Consumer Reports Shocks, Says Microsoft Laptops Not Reliable
Following its annual survey of some 90,000 laptop and tablet users, the consumer watchdog publication Consumer Reports yesterday pulled its buying recommendations for Microsoft Surface devices, citing reliability issues.
Available only to subscribers, the study found that Microsoft laptops and tablets have breakage rates of 25 percent within the first two years of ownership, according to a statement on the Consumer Reports Web site. That put the company's hardware in last place when compared to eight other device manufacturers, while Apple was ranked number one with a two-year breakage rate of 10 percent.
"Microsoft's real-world return and support rates for past models differ significantly from Consumer Reports' breakage predictability," Microsoft said in an emailed statement published on the consumer site. "We don't believe these findings accurately reflect Surface owners' true experiences or capture the performance and reliability improvements made with every Surface generation."
Problems with Freezing, Shutdowns, Touchscreens
Compared to the other companies reviewed by Consumer Reports, including Acer, Apple, Asus, Dell, HP, Lenovo, Samsung, and Toshiba, Microsoft has been making its own hardware for only a short period of time. It released its first Surface tablet just five years ago.
However, the problems cited by the consumer publication appear to reflect software issues as much as hardware ones. Electronics editor Jerry Beilinson told Reuters today that common problems in Microsoft devices included freezing, unexpected shutdowns, and difficulties using touchscreens.
"If you are very concerned about how long your products are going to last, it might be better for you to go with a brand that has a higher predicted reliability," Beilinson said in the interview.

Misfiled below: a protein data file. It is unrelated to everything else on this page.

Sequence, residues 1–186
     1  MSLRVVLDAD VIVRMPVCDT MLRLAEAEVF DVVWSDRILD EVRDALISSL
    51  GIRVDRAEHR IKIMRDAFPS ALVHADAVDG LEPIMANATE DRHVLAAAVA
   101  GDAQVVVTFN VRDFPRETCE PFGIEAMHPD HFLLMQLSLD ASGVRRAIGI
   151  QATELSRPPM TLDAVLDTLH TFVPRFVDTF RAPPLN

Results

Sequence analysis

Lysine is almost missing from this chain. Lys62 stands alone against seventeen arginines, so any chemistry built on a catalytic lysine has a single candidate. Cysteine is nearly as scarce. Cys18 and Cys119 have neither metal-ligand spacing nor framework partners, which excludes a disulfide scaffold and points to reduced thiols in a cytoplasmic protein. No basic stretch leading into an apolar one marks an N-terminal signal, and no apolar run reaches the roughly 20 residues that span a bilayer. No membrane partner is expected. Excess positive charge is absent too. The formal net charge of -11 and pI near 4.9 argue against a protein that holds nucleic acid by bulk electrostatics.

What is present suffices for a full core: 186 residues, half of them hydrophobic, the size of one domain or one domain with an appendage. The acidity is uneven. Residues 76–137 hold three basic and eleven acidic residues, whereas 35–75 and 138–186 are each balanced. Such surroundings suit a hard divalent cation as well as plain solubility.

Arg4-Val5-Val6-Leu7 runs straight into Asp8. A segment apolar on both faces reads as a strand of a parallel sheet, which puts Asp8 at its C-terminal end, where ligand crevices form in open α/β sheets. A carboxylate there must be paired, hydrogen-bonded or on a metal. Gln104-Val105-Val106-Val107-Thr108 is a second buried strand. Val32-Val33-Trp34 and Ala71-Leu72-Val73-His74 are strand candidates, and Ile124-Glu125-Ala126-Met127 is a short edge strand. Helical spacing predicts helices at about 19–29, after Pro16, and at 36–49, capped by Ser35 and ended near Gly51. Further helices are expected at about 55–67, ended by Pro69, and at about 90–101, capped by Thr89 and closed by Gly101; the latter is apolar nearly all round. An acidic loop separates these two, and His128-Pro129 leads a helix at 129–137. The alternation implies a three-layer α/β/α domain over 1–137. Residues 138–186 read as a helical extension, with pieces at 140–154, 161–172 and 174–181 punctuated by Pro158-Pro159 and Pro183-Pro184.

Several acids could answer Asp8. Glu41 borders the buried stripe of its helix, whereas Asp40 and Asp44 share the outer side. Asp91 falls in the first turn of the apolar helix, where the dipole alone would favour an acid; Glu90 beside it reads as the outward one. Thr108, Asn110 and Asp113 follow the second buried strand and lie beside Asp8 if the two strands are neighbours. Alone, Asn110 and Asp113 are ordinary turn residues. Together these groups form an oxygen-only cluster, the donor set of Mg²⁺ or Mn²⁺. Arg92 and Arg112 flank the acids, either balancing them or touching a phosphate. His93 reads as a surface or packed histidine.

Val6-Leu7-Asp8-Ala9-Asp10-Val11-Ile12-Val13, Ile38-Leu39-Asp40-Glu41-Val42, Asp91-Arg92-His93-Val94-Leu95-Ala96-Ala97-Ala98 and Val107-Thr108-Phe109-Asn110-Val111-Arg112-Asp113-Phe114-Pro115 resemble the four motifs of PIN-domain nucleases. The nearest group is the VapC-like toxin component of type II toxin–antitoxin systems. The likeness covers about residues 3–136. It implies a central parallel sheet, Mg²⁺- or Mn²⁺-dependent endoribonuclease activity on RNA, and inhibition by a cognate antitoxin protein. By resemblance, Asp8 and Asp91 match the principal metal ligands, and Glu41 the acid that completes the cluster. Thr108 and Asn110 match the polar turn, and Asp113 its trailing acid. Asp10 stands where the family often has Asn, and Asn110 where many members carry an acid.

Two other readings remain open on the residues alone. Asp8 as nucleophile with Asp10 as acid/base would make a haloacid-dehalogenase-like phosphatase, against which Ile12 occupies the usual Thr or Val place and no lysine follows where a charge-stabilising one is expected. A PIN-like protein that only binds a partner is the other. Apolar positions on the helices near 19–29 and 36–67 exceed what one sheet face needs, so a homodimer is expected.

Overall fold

After Apple, Consumer Reports ranked devices from Samsung (16 percent breakage rates after two years) and Acer (18 percent) highest in reliability. HP and Asus, ranked fourth and fifth, respectively, had breakage rates of 20 percent, while Lenovo, Dell, and Toshiba had rates of 21 percent, 22 percent, and 24 percent, respectively.
Reliability Scores Separate from Performance
Consumer Reports said its buying recommendation withdrawal applies to several Microsoft laptops as well as Surface two-in-one devices with detachable keyboards. They include the Microsoft Surface laptop (both the 128 GB and 256 GB models) and the Microsoft Surface Book (128 GB and 512 GB models).
Noting that Microsoft is "relatively new to the hardware business," the publication said this was the first year it has had ample data to calculate reliability figures for the company's Surface devices. The publication added that Microsoft's reliability scores don't necessarily reflect hardware performance in general.
"Several Microsoft products have performed well in CR labs, including the new Microsoft Surface Pro, which earned Very Good or Excellent scores in multiple CR tests," Consumer Reports said. "Based purely on lab performance, the Surface Pro is highly rated when used either as a tablet or with a keyboard attached."
However, "[c]onsumers tell us that reliability is a major factor when they're choosing a tablet or laptop," according to Consumer Reports survey manager Simon Slater. "And people can improve their chances of getting a more dependable device by considering our brand reliability findings."
Image credit: Product shot by Microsoft.